10. Russ

    Russ Istar

    In the first part of your post I think you put too literal an interpretation on the word "fighting." For instance both Ghandi and MLK eschewed violence per se but both could be said to be fighting for people's rights.

    There is no doubt that some people act in an ignorant, uniformed or overly aggressive fashion. How one fights for social justice needs to change from case to case and situation to situation. But a fight it is. There are lots of people who are embarassingly ignorant, aggressive and vulgar in their claimed pursuit of social justice. But just because some of the people who support the promotion of equality and freedom are misguided, despicable, selfish, egotistical morons, does not mean that the pursuit of social justice is any less worthy an endevour.

    Which tactics are effective for which cause, at which time, is a much longer more complex discussion, likely not suited for this site.
  11. Legendary Sidekick

    Legendary Sidekick The HAM'ster Moderator

    What's happening in Boston? See? This is why I go to Quincy for Dim Sum. First it was the pigeons pooping on my daughter's face, and now we have Death Claws.

    Uh... on topic, it's interesting that you prefer to write "messed up heroines." Not a bad thing; you have a type of character you enjoy writing and there's nothing wrong with that. I think if you write a type you enjoy, the character will be strong. (Readers want variety; they read the works of many writers.)

    I tend to write characters that mean well and fight to protect the innocent rather than for collecting a bounty. There's no wrong reason to be the heroine. She just needs a flaw to be relatable. You choose addiction or whatever makes her messed up, while my heroine might be too inexperienced to fully understand the dangers surrounding her.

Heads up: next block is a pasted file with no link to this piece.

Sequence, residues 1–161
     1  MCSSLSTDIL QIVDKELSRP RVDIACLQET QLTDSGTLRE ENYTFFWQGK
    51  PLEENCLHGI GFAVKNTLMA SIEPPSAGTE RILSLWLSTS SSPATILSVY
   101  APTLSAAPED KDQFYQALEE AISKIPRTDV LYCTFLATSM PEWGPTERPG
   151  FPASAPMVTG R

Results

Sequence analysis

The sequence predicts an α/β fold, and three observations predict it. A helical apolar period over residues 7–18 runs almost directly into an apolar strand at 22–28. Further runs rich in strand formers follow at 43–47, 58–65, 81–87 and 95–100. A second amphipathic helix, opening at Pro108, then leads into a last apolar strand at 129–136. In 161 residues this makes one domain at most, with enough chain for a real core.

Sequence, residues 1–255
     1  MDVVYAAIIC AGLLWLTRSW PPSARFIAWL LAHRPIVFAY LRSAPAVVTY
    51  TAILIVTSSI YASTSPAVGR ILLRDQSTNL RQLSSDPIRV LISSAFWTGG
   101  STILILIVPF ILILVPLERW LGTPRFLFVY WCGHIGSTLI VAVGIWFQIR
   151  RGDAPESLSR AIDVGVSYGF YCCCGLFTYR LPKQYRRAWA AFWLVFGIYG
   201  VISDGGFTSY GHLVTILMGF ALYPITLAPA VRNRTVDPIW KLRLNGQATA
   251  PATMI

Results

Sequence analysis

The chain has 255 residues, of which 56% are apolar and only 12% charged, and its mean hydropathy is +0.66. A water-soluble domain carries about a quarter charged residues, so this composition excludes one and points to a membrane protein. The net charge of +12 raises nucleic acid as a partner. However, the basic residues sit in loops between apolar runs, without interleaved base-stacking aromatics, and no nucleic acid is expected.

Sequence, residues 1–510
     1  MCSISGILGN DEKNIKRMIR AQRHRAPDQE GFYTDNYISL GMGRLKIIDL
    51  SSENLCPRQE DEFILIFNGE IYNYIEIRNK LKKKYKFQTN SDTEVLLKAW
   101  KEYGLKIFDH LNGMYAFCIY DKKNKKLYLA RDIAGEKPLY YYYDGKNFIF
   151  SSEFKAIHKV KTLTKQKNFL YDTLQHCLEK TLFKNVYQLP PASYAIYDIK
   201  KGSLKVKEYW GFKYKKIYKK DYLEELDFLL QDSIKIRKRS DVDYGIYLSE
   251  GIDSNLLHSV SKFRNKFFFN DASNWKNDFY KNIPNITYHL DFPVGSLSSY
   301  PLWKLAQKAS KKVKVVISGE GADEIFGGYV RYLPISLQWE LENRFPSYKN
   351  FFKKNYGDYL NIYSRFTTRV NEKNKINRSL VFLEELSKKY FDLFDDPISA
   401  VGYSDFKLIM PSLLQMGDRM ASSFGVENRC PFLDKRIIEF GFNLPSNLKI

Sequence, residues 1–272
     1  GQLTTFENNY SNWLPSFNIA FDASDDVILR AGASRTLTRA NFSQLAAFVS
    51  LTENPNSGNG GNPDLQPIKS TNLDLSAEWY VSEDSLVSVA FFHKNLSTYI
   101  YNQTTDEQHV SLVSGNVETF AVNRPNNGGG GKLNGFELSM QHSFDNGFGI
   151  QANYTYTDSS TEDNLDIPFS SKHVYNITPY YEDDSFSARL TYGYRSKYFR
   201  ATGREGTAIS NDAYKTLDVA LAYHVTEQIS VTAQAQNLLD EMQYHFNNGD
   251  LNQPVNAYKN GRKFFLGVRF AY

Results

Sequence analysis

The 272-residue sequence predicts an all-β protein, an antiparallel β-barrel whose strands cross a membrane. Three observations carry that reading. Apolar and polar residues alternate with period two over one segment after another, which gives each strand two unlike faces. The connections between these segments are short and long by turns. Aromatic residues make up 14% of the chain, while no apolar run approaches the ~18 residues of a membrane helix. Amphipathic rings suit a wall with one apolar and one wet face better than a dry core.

12. Nimue

    Nimue Auror

    It's so strange to me to see the conversation turn to how awful and combative SJWs are when there's so many people attacking from the other side. And not just the hate out there on the internet--there's been a lot on this forum over the last couple of days, to the point where I feel kind of appalled and incredibly unwelcome.

    This entire thread is everyone except Russ attacking the very idea of trying to bring social progress into fantasy writing. People who are looking for progressive fantasy are just "annoying", "offensive", "self-righteous", etc, etc. Not to mention other threads--

    Well, cool. I'm a feminist, and it sounds like I should go jump off a cliff.

    I don't know. I need a break from this site. It's possible that I'm being too sensitive about this, but it's hard to shrug it off when every other new post is a veiled insult towards "SJWs" or "Feminazis". I don't know if it's backlash from other threads, but there seems to be just this massive upswell against anything liberal or progressive. If you don't agree with modern social justice movements, fine, but is it really necessary to cast people as villains? Are these the conversations that we want to have here?

    How much sympathy is left for people who still like traditional gender roles? Don't worry about that, there's plenty. Sympathy in the other direction is feeling very scarce on the ground.
  13. Chessie

    Chessie Guest

    Making blanket statements like this are what's part of the problem. In my response, I mentioned that writers are exploring ideas that have become more socially acceptable and that's a good thing. I never said any of the things you mention in your response so I'd like to be kept out of it. I'm not a feminist but have no problem with others identifying themselves as such. People have a right to believe what they want and I'm always going to be respectful of their view points, so I'd like the same in return.